Impunity still reigns. Several stories highlighted the problem of impunity for the powerful and well-connected in El Salvador. The year began with the Inter-American Court for Human Rights issuing an order that the government conduct a real investigation in the Garcia-Prieto murder case. At year end, the government had not started to comply, claiming that the judgment needed to be clarified and the IAHCR issued another order. Similarly, activists started a campaign for justice in the case of little Katya Miranda, raped and murdered 9 years ago by male family members who are high ranking police and military officials. The case must be reopened by April 2009 if there is to be justice. The FMLN aligned itself with ARENA when it indicated that it would not support repealing the amnesty law which protects those who commited crimes during the civil war, and one of the most infamous of those crimes, the murder of the 6 Jesuits in 1989, is now the subject of a proposed human rights proecution in Spain.
Charges dropped against Suchitoto 13. In July 2007, several persons protesting against Tony Saca's plans to decentralize water systems, were arrested and charged with acts of "terrorism." During the second half of 2007, human rights groups and civil society organizations kept up a steady drum beat of pressure on the Saca government and the legal authorities prosecuting the case. Finally, in February 2008, the charges were first reduced, and then dropped after the prosecutor showed up late for a scheduled court hearing.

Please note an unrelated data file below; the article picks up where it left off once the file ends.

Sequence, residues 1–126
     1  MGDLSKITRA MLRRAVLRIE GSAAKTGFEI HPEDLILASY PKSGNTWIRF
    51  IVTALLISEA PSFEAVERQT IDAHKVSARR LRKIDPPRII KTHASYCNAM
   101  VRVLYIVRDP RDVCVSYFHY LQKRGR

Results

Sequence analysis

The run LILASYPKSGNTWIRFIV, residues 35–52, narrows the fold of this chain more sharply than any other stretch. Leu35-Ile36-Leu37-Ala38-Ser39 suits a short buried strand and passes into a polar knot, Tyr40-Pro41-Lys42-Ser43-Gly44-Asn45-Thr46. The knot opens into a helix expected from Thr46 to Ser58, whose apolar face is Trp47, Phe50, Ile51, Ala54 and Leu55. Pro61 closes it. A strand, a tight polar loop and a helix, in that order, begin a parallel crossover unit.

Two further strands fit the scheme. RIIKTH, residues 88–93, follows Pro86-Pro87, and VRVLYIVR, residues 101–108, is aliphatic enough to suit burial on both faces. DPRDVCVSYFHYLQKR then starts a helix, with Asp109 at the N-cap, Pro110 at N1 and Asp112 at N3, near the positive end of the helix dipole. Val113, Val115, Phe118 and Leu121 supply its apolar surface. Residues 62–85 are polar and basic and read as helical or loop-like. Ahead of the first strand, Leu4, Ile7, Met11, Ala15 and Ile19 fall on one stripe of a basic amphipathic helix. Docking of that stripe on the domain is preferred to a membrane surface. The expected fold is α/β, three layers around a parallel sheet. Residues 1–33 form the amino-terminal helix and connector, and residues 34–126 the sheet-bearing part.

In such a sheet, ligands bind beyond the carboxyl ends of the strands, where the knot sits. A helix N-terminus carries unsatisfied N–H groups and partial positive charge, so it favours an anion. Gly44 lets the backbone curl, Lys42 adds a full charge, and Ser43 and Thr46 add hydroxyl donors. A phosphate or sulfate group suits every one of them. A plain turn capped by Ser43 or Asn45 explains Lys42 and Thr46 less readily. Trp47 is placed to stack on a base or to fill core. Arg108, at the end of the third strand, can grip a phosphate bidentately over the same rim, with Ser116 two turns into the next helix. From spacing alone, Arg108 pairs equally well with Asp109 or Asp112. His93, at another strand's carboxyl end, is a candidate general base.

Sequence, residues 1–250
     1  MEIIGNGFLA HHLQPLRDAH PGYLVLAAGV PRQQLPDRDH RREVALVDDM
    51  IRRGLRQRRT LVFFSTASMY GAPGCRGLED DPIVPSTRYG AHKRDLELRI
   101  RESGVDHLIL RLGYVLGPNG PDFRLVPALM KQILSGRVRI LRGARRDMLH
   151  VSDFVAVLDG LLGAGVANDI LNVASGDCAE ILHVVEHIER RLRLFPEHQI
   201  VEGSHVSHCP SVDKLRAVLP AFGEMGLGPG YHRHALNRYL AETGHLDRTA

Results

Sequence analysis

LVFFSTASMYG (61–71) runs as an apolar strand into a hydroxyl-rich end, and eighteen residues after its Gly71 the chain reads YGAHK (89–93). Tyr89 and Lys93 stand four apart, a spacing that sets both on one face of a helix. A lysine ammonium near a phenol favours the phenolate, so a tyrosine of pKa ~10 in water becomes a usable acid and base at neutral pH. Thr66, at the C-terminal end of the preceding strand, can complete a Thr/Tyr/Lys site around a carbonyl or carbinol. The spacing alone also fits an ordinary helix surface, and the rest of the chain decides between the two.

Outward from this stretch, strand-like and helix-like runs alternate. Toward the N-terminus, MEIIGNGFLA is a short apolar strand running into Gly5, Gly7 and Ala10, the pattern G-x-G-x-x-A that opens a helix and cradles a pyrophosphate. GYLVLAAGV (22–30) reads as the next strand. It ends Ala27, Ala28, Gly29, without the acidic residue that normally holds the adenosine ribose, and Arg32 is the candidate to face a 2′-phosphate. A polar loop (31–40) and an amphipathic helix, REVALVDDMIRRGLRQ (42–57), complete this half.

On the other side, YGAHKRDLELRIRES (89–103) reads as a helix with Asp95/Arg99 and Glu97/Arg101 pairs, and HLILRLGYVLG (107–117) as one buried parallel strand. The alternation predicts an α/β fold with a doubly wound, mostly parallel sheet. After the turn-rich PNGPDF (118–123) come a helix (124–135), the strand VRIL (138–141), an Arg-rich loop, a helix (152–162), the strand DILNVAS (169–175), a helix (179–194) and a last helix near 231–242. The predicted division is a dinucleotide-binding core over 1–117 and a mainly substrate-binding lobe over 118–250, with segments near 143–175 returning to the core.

Pacific Rim Mining fumes. The Canadian gold mining company Pacific Rim has discovered a vein of gold ore at its El Dorado location in El Salvador. It wants to open an underground mine, using "green" mining techniques to extract the gold, creating tax revenue and jobs for the country. Civil society groups continued their protests during 2008, however, citing concerns over risks to the country's water resource and the surrounding environment. Whether because of these protests or some other reason, the Saca government has so far failed to grant Pacific Rim's application for a mining permit which would let it actually begin mining the gold. At the end of 2008, Pacific Rim gave notice that it plans to start an international arbitration under CAFTA against the government of El Salvador for violating the company's legal and contract rights.
Elim church bus tragedy. Flooding rains in the San Salvador area on July 3. In a fierce thunderstorm that night, more than 5 inches (128mm) of rain fell, and the river Acelhuate overflowed its banks. The torrent caught the bus full of worshipers from the large evangelical church and pulled it into the river's concrete channel. The story highlighted the lack of progress by local and national government bodies to pursue risk mitigation projects which would reduce the possibility of such tragedies which occur in some form or another each rainy season in El Salvador.
National soccer team progresses. Under the leadership of coach Carlos de los Cobos, the El Salvador's national soccer team enjoyed real success this year in qualifying matches for the 2010 World Cup in South Aftica. The team has to be one of the top 3 qualifiers in the hexagonal round in 2009 to get a World Cup berth.
Thursday, January 08, 2009
My annual list of the top 10 stories of the prior year: